img(height="1" width="1" style="display:none" src="https://www.facebook.com/tr?id=2939831959404383&ev=PageView&noscript=1")

How IF_DO manages hybrid working for business and people

Words:
Thomas Bryans

Thomas Bryans, director at IF_DO, explains how the London practice benefits from all staff spending three days together in the office and two at home

Hybrid working is the ‘new normal’, and all the practices we know are trialling diverse approaches. We wanted to preserve improvements to productivity and lifestyle benefits discovered during the pandemic, but ensure that quality of design, support for new and younger staff, and studio culture are upheld. All 13 of us are in our London studio from Tuesday to Thursday, with flexibility at both ends of the week.

Disciplined scheduling is key: we are in the office to collaborate. The week hangs around Wednesdays as a time to come together. We have full-team design reviews and the day is pretty sacrosanct, even though that can make finding time for outside meetings trickier.

More pragmatic tasks are assigned to non-studio days. We start the week running through progress of all projects on a digital whiteboard; it’s more efficient online. Directors’ business meetings are held on Zoom. Again, the split is advantageous, as we don’t have space for a private meeting room.

The model has allowed all three directors to relocate; I am in Somerset, Al Scott in Suffolk and Sarah Castle in Manchester. Those moves were for personal reasons, but present opportunities for the practice. We are at equidistant points of a triangle, spread across the country, and are building networks in those regions. The rhythm of the working week supports our expansion and growth, while allowing us to remain a London practice which is at heart a collaborative project; creating things together is more enjoyable and results in better design.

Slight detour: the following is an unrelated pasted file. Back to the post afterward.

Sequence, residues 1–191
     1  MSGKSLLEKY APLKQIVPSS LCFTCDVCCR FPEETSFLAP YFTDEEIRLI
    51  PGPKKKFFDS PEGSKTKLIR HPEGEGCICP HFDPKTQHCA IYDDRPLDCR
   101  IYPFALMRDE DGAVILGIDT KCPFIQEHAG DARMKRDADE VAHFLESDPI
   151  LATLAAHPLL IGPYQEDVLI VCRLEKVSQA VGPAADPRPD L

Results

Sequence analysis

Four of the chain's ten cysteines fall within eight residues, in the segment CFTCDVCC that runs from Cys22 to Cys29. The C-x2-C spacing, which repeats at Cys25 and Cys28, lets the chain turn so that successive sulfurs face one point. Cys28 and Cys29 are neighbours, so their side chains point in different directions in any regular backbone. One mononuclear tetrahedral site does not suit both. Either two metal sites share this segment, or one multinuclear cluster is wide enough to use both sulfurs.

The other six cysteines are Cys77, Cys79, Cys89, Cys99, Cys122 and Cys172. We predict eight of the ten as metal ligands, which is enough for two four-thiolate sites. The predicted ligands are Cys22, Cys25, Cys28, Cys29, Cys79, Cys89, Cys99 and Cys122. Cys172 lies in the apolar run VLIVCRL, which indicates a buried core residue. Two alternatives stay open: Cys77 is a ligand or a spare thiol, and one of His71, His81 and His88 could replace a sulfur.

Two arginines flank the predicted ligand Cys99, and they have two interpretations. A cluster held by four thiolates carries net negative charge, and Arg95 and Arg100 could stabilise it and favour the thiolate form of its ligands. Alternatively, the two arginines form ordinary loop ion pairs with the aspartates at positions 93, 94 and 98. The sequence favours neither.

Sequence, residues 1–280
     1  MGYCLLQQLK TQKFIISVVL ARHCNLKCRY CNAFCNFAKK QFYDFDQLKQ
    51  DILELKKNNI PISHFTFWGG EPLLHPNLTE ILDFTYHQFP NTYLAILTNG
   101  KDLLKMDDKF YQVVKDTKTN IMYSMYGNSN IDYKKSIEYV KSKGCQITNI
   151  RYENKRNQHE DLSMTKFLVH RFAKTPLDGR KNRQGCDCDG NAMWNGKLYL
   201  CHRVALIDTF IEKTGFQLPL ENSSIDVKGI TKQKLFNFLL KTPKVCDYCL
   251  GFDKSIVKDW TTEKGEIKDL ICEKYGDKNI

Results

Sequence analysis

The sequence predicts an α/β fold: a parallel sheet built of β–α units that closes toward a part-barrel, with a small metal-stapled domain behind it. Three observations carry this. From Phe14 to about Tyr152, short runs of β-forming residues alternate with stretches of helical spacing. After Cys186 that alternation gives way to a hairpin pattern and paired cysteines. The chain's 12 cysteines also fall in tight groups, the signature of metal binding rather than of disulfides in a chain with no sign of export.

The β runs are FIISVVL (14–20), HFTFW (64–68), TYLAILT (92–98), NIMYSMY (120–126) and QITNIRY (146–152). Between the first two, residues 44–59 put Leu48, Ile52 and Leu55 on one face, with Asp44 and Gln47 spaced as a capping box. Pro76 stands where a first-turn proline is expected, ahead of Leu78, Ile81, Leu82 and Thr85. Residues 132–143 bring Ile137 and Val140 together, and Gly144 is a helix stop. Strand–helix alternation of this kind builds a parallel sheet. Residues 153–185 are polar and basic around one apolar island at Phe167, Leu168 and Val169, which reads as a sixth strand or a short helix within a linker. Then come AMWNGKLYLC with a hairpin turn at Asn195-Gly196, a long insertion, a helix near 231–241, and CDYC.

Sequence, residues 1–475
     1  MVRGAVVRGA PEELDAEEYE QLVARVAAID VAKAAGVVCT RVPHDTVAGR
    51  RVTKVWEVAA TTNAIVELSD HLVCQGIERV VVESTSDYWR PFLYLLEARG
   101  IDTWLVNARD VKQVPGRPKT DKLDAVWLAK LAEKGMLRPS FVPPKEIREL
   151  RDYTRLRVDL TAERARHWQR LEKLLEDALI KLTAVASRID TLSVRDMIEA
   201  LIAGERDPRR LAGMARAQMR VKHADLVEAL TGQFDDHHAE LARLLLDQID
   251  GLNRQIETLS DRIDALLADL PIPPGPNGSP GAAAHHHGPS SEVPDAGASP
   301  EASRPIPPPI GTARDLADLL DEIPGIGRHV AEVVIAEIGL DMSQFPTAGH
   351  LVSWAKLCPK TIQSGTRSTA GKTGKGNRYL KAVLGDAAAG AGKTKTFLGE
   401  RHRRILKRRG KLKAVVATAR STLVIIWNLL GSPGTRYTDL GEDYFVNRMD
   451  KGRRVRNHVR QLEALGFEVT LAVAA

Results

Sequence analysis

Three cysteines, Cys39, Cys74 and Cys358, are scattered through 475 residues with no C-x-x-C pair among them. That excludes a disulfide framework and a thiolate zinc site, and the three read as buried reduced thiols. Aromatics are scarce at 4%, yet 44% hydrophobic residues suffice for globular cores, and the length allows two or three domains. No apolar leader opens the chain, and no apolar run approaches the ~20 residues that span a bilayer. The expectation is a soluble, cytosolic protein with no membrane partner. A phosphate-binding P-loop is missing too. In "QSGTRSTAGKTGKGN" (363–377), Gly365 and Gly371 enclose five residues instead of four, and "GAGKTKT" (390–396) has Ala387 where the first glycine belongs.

Latest

Can 3D printed concrete become a viable option for construction? A lighter, more sophisticated, more sustainable version of Holcim’s Striatus Bridge suggests it could

Can 3D printed concrete become a viable option for construction?

University of Bath team joins 15 other partners in European project ‘Inbuilt’ to develop 10 natural and bio-based building materials

University of Bath joins ‘Inbuilt’ project creating natural and bio-based building materials

Embodied carbon and how best to use limited resources took centre stage at the RIBA’s most recent Smart Practice conference

How can we break our addictions to fossil fuels, waste and consumption?

Strengthening the 18th century, timber-framed Corn Exchange and connecting it to an upgraded 1930s Studio Theatre were key to opening the arts centre to modern audiences

How FCBStudios and Max Fordham refurbished the listed Corn Exchange and Studio Theatre

Western modernism came to colonial West Africa and India, but with independence they made it their own. Tropical Modernism: Architecture and Independence follows the story

Locals made ‘progressive, optimistic’ style their own